by Jennifer R. Lloyd (M.B.A. ’16)
As the metal skeleton of the new Blank Sheppard Innovation Center rises three stories among the pecan trees on the St. Mary’s University campus, anticipation continues to build for the opening of the new building and the launch of the planned Bachelor of Science in Nursing Program that will take up residence on the third floor in 2024.
Gold & Blue magazine sat down with Donna M. Badowski, DNP, Vice Dean of the School of Science, Engineering and Technology, and Founding Director of Nursing, to learn more about her background and get the inside scoop on the planned Nursing Program.
Badowski shares what brought her to her new role and her big plans for the new degree while she manages the process of seeking approval from the Texas Board of Nursing and the Southern Association of Colleges and Schools Commission on Colleges (SACSCOC).
Q: You’ve said that neither of your parents worked in health care, so what drew you to a career in nursing?
A: I was in fifth grade, and we had to dress up as what we wanted to be when we grew up. I had no idea what to dress as, and my father had the Sunday newspaper and said, “You should be a nurse. Look at all these jobs for nurses. It would be a great career.” My mother always wanted to be a nurse but didn’t have the means to go to college. She kind of promoted the idea, too. So, I dressed up as a nurse, and it stuck with me.
Q: Now, 15 years into your career of teaching nursing, you came to St. Mary’s from a position as Associate Director of the RN to MS Nursing Program at DePaul University in Chicago. Did you always aim to be a nursing educator, or were you more interested in the practice of nursing originally?
A: When I was in college, I felt like some faculty could have been kinder and gentler. When I went to school, we had some faculty who made students cry. And I was like, there’s got to be a better way. In the back of my head, I could see myself teaching nursing because there’s a better way than to terrify and traumatize students.
Q: How are you implementing the lessons from your experience into the design of the St. Mary’s Nursing Program?
A: I embrace the approach of being kind and gentle to our students, but I also have to challenge them. I once had a student call me three months after taking my class to tell me, “You were a tough instructor, but I want to thank you. Because now that I’m in clinical education, my faculty are not asking me these challenging questions, and I miss it.”
Q: Since you’re from the Chicago area, what inspired you to work at St. Mary’s?
A: I really liked the mission. I came from a Catholic institution and, even when I worked in health care, I worked in hospitals that had a Catholic affiliation. I hate to use the phrase, “divine intervention,” but something just prompted me to change my cover letter very quickly and update my CV super fast.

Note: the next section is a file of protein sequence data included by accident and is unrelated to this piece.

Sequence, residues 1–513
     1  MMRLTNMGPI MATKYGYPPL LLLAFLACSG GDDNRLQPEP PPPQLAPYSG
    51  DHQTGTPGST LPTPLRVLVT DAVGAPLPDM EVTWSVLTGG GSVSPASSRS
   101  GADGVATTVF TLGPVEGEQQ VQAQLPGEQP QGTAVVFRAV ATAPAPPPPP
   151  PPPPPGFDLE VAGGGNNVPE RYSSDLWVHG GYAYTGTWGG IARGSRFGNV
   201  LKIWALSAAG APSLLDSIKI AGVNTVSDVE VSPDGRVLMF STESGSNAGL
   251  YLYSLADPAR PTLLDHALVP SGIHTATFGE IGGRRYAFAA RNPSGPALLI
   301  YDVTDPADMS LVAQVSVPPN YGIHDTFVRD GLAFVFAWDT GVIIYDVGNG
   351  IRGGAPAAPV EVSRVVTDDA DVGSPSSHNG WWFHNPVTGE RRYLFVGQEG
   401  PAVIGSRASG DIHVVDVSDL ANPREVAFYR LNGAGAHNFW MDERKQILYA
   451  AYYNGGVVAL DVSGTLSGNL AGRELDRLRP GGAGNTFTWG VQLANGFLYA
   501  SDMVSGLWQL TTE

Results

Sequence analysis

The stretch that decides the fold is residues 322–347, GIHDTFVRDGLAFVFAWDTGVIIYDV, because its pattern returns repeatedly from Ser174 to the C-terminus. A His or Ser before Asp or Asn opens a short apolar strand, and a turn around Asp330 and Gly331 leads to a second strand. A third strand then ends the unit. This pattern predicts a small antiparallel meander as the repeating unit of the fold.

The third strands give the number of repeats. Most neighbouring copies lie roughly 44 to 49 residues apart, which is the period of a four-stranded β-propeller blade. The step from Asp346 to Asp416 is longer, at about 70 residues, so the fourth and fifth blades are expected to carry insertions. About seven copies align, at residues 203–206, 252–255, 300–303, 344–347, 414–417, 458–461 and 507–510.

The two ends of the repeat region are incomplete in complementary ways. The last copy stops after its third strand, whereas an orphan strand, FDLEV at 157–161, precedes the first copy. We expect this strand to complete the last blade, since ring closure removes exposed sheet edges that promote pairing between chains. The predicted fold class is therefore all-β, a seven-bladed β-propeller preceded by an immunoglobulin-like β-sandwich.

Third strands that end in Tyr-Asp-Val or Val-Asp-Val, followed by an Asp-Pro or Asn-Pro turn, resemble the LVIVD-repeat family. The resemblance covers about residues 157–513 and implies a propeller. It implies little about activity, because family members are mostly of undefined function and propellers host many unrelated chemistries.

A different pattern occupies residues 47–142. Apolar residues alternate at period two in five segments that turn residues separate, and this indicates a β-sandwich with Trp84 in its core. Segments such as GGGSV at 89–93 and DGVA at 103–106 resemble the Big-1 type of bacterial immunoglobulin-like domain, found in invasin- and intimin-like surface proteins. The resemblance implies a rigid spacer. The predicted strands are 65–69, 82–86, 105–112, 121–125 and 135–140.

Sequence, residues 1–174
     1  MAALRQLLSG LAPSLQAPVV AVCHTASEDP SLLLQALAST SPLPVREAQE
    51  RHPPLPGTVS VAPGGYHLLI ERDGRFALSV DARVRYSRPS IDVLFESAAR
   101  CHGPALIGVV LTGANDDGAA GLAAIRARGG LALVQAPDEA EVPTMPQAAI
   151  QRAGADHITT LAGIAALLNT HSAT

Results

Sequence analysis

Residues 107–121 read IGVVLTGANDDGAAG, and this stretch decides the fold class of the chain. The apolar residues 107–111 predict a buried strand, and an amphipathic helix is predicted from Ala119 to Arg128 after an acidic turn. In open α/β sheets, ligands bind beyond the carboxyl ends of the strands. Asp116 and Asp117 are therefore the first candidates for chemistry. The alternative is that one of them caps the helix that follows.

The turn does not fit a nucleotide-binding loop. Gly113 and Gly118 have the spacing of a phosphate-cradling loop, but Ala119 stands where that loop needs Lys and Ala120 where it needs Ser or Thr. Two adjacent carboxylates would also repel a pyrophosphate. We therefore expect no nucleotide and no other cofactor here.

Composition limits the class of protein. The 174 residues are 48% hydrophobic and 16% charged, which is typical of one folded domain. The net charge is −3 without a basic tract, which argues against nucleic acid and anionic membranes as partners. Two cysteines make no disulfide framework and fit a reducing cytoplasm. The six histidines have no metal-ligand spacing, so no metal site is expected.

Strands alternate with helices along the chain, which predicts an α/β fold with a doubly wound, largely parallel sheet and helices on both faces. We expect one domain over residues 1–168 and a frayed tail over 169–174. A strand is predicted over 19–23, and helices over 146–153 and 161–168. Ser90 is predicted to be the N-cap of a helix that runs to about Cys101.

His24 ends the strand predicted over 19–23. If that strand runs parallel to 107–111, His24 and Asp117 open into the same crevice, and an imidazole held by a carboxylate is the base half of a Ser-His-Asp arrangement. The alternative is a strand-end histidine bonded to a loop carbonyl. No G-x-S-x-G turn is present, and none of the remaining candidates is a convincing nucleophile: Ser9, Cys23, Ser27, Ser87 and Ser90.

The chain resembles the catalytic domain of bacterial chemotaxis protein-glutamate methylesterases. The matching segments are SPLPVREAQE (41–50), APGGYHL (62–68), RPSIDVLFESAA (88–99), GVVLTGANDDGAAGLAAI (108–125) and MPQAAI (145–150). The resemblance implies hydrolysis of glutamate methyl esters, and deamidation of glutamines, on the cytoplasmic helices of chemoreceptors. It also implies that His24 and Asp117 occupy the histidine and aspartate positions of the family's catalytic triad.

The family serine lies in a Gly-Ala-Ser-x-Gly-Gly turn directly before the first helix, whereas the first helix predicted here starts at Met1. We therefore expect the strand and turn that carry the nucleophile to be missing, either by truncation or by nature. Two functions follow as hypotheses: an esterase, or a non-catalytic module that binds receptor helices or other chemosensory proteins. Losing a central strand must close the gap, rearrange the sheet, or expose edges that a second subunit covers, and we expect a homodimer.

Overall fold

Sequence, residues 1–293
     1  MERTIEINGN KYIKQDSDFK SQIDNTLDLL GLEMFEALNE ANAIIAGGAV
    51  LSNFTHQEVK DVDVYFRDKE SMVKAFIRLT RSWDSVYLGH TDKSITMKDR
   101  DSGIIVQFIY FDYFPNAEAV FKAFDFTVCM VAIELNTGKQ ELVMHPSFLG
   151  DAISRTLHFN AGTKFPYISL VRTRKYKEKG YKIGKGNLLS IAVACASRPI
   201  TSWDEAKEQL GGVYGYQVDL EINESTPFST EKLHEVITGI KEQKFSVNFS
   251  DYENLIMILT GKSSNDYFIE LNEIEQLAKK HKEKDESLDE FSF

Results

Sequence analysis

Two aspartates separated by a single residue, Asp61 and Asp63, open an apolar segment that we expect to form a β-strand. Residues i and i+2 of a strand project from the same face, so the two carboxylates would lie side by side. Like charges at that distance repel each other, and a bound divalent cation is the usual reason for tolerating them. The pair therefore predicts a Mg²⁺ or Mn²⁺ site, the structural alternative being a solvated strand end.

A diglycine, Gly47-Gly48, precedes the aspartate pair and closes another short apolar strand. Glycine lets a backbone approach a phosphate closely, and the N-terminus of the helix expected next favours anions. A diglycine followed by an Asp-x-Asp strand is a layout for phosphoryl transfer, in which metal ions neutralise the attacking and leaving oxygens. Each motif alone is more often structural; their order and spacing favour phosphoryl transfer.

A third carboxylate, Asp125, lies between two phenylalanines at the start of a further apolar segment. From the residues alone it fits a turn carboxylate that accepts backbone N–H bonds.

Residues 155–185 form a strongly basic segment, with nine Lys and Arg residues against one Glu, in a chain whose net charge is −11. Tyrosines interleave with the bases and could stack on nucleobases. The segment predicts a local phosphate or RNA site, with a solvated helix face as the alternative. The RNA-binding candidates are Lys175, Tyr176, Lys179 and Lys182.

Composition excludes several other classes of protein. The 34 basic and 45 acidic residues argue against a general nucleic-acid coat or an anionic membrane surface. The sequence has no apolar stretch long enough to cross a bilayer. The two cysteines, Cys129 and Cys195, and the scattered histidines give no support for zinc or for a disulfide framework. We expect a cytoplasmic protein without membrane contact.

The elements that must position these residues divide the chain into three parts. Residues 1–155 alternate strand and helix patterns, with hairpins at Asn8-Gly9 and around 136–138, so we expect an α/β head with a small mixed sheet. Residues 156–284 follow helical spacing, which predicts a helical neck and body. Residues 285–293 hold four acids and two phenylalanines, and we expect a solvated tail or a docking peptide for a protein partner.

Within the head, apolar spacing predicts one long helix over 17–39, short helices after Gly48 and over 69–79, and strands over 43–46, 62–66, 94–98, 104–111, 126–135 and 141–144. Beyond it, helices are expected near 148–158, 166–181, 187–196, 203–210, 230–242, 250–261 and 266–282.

Q: As you develop the new program, making decisions on curriculum and textbooks is probably very exciting. Tell me what it’s like to build this program from the ground up.
A: It’s tough, but I love challenges, and it’s exciting. I love to challenge myself both professionally as well as physically. I decided at the age of 50 to do a triathlon and I never knew how to swim. I took swim lessons, but I signed up for the triathlon beforehand because it made me persevere through it. I jumped in and did a half Ironman, and then I decided to also run a marathon.
Q: What lessons do you take from your triathlon and marathon training into your educational approach?
A: I think about that first half Ironman and, knowing that there are people counting on me, that really pushes me through the challenge of it all. Relating to educational challenges, it was a huge accomplishment for me to go to nursing school and pay for it all by myself. I worked part-time, 20 hours a week during the school year, and full-time during the summer at a bank. I can relate to the students here because I’m sure a lot of them are doing the same thing. I just want to be supportive and be a cheerleader, saying you can do this.
Q: The supportive mentality you describe speaks to the family spirit in the University’s Marianist approach to education. Describe what you see as the alignment between the Marianist mission and the Nursing Program as you envision it.
A: Any patient in a hospital is sick. They’re relying on you. They’re at their worst moment, and some of them are among the more vulnerable in our population already. We have to treat them with kindness and compassion and be just and fair. The whole component of faith is so important in nursing because faith breeds hope. We’re working for the common good of all of our patients.
Q: What else do you think will make the St. Mary’s Nursing Program distinctive?
A: I’m trying to focus on the mental health, psychosocial component of health. A lot of nursing programs have mental health later in the curriculum. I have it as one of the first clinical experiences students will have because it’s not just a specialty in nursing education. Every patient whom nurses encounter has a mental health, psychosocial component. And it impacts their physiological health. I want to address that component first so they can treat their patients holistically. Another big push that I’m trying to instill in this program is that of adaptation and change — ensuring that we equip students with the skills needed to assist patients with health behavior change.
Q: What’s an example of a skill that would help future nurses guide their patients toward behavior changes?
A: Motivational interviewing skills is a patient-centered communication technique that involves really hearing the patient’s perspective and trying to understand their beliefs and values. It’s not a way of convincing but of working with the patient to assist them with the changes they have to make to help them get better, stay healthy or prevent disease. That’s primary care.